val str = "a b c"
assertThrows<MyException> {
    throwIf(str.length <= 10) { MyException("The string is too short.") }
}

As we can see, throwIf() improved the readability of conditional throwing. It’s worth mentioning that, as the exProvider argument is a function, {MyException(“…”)} executes only if throwCondition is true. In essence, exProvider supplies the Exception instance lazily, thereby avoiding creating unnecessary objects.

Since throwIf() returns Unit, if we would like to seamlessly perform further operations after throwIf(), we can use the same trick by leveraging the also() function:

val uppercaseValue = str.also {
    throwIf(it.split(" ").size != 3) { MyException("Format not supported") }
}.uppercase()
assertEquals("A B C", uppercaseValue)

6. The mustHave() Function

So far, we’ve seen different approaches to performing idiomatic conditional throwing in Kotlin. They’re likely adequate for most of our everyday tasks. However, if we consider them carefully, they have various disadvantages:

  • Exception type limitations – check()/require()
  • Not a functional/fluent API – check()/require() and throwIf()
  • null handling limitations – takeIf()

So, next, let’s summarize the ideal features that we want a conditional throwing function to have:

  • Support all exception types
  • An extension function – Enabling any object to be the receiver and invoke it directly
  • Return the receiver object if it doesn’t throw an exception – allowing for fluent chaining of operations
  • Exception provider as a function – facilitating support for sophisticated error handling logic and lazy object instantiation
  • Condition as a function – accommodating more complex checks
  • The receiver as the parameter in both exception provider and condition functions – simplifying referencing the receiver in those functions

Next, let’s try to create a function to fulfill our needs:

inline fun <T : Any?> T.mustHave(
    otherwiseThrow: (T) -> Exception = { IllegalStateException("mustHave check failed: $it") },
    require: (T) -> Boolean
): T {
    if (!require(this)) throw otherwiseThrow(this)
    return this
}

The mustHave() function accepts two parameters, both of which are functions. otherwiseThrow has a default value, a function that returns an IllegalStateException object. That is to say, if no specific exception provider is specified, an IllegalStateException will be thrown if require isn’t satisfied.

Next, let’s see how to use mustHave() through examples. Let’s say we have a simple data class Player, and the InvalidPlayerException class:

data class Player(val id: Int, val name: String, val score: Int)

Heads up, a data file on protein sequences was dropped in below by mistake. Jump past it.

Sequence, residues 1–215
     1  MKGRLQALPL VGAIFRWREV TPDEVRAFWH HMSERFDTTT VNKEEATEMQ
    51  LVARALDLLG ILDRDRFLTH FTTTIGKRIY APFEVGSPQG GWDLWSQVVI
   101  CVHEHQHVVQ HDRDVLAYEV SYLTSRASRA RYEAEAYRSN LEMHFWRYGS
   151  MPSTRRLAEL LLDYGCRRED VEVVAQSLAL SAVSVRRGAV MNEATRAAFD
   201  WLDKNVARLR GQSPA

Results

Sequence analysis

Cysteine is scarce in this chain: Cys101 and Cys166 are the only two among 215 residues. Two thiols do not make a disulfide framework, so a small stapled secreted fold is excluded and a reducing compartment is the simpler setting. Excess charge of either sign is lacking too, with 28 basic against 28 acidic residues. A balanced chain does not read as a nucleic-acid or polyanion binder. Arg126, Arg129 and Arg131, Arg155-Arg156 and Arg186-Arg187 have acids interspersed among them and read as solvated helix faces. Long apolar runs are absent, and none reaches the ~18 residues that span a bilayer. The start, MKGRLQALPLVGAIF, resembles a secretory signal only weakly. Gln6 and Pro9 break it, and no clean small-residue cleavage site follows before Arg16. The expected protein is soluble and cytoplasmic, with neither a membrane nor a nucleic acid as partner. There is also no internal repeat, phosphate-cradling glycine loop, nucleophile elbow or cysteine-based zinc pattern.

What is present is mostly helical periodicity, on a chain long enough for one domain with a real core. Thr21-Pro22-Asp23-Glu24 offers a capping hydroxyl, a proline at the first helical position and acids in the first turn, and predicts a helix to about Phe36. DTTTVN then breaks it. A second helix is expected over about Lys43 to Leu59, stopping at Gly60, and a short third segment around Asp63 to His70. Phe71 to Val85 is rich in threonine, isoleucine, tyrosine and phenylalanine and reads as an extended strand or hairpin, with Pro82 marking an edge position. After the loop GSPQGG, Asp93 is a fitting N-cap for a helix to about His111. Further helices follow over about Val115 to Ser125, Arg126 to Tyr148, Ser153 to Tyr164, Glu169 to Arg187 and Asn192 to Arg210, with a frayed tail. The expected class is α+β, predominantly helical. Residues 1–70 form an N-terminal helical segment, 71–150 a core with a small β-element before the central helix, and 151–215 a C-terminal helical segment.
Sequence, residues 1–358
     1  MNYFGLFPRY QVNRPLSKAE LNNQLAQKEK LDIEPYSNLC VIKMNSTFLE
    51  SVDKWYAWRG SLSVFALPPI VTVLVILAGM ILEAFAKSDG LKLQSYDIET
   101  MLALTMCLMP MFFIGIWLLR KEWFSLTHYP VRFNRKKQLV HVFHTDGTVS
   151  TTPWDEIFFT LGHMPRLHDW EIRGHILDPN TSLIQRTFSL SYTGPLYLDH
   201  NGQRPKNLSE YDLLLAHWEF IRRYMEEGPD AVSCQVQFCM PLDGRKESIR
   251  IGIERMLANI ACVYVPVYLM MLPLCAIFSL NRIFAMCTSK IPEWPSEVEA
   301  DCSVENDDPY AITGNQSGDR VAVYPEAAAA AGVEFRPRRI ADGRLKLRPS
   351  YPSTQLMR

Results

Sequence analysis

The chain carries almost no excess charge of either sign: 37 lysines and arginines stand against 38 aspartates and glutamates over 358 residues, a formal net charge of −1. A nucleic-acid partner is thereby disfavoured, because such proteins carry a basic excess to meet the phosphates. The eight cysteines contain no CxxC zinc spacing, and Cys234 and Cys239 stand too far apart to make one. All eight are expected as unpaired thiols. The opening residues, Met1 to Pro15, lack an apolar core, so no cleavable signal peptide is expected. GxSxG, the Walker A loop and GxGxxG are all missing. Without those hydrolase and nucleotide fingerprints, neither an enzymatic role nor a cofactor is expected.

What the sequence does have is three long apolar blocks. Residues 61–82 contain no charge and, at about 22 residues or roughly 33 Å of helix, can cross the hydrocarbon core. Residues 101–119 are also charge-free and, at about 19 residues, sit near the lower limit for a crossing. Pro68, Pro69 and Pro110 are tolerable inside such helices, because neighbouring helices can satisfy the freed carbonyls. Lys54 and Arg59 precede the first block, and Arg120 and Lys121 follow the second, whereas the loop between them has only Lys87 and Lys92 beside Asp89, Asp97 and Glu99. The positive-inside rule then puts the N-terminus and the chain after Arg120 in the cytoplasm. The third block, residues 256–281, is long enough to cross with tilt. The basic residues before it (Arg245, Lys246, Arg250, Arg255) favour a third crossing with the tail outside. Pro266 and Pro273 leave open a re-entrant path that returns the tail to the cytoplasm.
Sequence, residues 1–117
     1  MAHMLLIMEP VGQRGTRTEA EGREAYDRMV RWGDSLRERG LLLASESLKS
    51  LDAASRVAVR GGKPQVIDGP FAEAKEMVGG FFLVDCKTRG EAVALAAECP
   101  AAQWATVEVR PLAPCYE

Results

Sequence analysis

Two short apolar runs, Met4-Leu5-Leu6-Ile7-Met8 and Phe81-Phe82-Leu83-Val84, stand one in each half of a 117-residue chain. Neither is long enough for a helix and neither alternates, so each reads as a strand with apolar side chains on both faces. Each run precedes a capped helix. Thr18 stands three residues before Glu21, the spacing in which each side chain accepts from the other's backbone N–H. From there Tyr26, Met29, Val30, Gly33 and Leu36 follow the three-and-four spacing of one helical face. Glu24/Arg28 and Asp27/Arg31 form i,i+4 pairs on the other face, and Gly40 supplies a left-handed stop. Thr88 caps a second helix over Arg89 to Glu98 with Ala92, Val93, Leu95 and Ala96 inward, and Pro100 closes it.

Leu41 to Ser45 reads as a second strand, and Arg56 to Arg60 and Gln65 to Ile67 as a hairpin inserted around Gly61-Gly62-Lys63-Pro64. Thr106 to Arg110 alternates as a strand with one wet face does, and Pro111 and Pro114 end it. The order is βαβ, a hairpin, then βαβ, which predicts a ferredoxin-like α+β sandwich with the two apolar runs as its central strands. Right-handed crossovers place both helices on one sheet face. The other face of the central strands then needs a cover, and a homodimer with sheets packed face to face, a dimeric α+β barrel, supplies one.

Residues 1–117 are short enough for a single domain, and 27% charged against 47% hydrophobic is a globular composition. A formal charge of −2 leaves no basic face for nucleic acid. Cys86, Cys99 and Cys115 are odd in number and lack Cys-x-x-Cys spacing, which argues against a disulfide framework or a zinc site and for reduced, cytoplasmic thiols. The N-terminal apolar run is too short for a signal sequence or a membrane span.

class InvalidPlayerException(message: String) : RuntimeException(message)

Now, we want to throw the exception if a player’s score is negative:

val kai = Player(1, "Kai", -5)
assertThrows<IllegalStateException> { kai.mustHave { it.score >= 0 } }
    .also { ex -> assertEquals("mustHave check failed: Player(id=1, name=Kai, score=-5)", ex.message) }

As we can see, we provide the lambda to check if the player is valid. In this example, we simply check the score value. If it’s required, the lambda can contain sophisticated implementations.

Also, since we didn’t specify the otherwiseThrow parameter, an IllegalStateException was thrown as default. Of course, we can pass a function to ask mustHave() to throw the specified exception:

assertThrows<InvalidPlayerException> {
    kai.mustHave(
        require = { it.score >= 0 },
        otherwiseThrow = { InvalidPlayerException("Player [id=${it.id}, name=${it.name}] is invalid") }
    )
}.also { ex -> assertEquals("Player [id=1, name=Kai] is invalid", ex.message) }

We used named parameters to make the code easy to read. Additionally, it’s worth mentioning that, since the receiver is the parameter for both require and otherwiseThrow functions, we can easily reference the receiver in the lambdas. For instance, we can use the implicit variable “it” in both lambda expressions.

Finally, if the receiver object passes the require check, mustHave() allows us to chain further operations to process the receiver seamlessly:

val liam = Player(2, "Liam", 42)
val upperDescription = liam.mustHave(
    require = { it.score >= 0 },
    otherwiseThrow = { InvalidPlayerException("Player [id=${it.id}, name=${it.name}] is invalid") }
).let { "${it.name} : ${it.score}".uppercase() }

assertEquals("LIAM : 42", upperDescription)

7. Conclusion

In this article, we aimed to discover concise and idiomatic approaches to handling conditional exception throwing in Kotlin. We explored the built-in options and several custom functions, such as throwIf() and mustHave().

As always, the complete source code for the examples is available over on GitHub.